Most benefits and tax credits for working-age people will be cut in real terms for three years in a row from 2013-14, under plans announced by the Chancellor in his 2012 Autumn Statement on the public finances.
The Chancellor admitted he would fail to meet his pledges on public borrowing as a result of worsening prospects for economic growth. Forecasts of growth from the independent Office for Budget Responsibility were revised down significantly for every year between 2012 and 2016. As a result, the Chancellor said, the government's 'austerity measures' would have to be extended until at least 2017-18 – three years longer than originally promised.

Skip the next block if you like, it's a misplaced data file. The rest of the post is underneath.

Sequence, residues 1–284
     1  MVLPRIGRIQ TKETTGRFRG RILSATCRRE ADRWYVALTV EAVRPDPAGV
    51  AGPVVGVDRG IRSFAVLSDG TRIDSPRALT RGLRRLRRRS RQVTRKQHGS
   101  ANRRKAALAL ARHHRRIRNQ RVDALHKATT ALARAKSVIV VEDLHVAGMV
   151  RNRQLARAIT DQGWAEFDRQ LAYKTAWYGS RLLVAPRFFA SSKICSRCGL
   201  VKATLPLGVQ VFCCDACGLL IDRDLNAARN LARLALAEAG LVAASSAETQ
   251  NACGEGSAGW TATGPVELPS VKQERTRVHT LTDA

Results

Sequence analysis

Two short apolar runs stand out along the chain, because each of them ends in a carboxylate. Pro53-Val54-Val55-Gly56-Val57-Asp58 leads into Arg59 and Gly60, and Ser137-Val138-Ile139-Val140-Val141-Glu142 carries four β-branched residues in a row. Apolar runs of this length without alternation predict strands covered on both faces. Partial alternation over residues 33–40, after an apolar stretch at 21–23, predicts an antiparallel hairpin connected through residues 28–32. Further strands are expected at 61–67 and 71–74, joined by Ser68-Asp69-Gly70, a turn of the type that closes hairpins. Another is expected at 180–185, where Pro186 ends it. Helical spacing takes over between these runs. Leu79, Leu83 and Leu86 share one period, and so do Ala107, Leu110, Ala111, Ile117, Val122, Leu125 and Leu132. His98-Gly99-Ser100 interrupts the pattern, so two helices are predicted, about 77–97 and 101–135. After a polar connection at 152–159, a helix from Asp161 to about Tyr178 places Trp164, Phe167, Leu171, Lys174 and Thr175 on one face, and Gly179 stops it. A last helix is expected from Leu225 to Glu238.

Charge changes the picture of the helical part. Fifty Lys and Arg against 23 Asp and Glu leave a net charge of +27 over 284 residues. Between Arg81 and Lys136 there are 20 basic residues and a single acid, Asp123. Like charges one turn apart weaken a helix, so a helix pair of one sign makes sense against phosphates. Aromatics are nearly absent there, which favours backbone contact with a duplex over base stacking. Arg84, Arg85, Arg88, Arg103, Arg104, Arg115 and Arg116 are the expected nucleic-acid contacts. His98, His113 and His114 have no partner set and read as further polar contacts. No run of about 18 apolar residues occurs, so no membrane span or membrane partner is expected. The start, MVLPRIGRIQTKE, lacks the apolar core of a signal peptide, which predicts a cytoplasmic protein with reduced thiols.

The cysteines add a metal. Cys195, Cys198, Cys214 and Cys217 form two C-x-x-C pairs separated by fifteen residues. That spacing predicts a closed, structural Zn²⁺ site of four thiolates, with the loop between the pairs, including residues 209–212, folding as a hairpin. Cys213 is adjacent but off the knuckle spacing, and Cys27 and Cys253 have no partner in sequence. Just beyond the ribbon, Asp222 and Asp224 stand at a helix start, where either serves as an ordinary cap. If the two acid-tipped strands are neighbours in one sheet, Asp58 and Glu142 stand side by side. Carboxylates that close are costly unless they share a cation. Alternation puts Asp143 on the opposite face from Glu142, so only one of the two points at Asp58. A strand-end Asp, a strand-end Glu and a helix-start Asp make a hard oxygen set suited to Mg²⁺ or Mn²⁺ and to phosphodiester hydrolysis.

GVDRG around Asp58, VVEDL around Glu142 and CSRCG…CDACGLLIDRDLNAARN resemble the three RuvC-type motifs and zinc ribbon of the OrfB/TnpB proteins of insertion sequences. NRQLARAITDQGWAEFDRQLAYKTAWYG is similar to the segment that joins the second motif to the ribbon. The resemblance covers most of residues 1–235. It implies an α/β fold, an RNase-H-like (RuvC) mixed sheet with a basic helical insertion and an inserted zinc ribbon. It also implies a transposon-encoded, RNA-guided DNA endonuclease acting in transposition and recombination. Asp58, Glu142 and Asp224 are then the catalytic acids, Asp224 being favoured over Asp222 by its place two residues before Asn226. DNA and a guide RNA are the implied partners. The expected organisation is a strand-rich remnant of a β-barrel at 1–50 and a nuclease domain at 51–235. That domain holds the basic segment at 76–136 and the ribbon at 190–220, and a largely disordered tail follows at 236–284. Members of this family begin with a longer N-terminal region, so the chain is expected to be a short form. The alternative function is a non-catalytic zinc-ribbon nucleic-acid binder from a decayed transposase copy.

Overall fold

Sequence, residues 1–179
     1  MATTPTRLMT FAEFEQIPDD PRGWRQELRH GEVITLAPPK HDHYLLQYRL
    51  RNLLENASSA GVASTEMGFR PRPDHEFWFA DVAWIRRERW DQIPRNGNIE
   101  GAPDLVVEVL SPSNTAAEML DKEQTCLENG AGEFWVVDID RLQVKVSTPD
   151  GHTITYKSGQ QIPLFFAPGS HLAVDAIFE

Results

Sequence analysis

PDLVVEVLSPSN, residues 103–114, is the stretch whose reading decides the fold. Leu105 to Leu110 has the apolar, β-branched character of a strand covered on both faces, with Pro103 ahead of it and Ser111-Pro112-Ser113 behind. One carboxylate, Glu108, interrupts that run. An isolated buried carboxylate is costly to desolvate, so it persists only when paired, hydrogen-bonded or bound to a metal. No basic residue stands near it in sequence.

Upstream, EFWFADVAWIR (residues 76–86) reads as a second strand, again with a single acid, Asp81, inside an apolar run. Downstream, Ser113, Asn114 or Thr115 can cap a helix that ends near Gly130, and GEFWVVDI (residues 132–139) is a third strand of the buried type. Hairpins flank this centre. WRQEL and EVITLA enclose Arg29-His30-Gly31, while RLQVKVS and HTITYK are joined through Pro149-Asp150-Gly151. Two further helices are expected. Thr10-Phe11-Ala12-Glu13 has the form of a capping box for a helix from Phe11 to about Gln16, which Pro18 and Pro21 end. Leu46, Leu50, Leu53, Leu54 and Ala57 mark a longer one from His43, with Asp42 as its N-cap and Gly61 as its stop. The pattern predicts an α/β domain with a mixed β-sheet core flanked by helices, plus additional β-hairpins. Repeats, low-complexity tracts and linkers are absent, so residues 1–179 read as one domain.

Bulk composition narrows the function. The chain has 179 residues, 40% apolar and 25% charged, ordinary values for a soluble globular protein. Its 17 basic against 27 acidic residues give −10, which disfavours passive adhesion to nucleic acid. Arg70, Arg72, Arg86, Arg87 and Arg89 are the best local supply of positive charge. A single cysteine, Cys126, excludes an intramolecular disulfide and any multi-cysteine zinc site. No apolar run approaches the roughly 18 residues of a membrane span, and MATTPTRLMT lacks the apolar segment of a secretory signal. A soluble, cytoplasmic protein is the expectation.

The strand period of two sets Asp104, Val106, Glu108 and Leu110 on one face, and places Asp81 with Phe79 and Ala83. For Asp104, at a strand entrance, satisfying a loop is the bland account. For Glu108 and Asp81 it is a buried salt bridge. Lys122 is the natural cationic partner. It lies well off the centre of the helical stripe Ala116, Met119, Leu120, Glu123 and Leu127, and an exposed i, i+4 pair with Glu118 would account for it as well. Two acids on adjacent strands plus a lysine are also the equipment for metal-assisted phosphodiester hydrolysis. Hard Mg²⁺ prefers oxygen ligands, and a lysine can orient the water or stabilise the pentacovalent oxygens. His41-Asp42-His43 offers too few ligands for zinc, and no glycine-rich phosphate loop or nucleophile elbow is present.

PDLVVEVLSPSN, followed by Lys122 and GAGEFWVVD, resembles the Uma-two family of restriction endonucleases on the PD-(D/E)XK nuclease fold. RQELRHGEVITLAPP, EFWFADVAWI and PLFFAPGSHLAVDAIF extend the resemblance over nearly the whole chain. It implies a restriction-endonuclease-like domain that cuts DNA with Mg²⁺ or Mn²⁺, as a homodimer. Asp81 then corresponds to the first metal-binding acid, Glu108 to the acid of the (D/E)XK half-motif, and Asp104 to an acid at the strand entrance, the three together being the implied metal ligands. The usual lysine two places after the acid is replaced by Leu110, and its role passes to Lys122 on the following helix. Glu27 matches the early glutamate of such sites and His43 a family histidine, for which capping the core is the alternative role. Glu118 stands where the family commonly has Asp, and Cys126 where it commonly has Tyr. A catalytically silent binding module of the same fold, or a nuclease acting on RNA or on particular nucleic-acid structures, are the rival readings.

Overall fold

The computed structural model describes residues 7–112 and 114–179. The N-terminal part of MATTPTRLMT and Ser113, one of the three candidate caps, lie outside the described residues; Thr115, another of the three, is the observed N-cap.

In overall terms, however, the measures outlined in the Autumn Statement were neutral in their effect on the public finances. Instead the Chancellor chose to make significant changes in the way spending cuts will fall on different groups and areas of spending.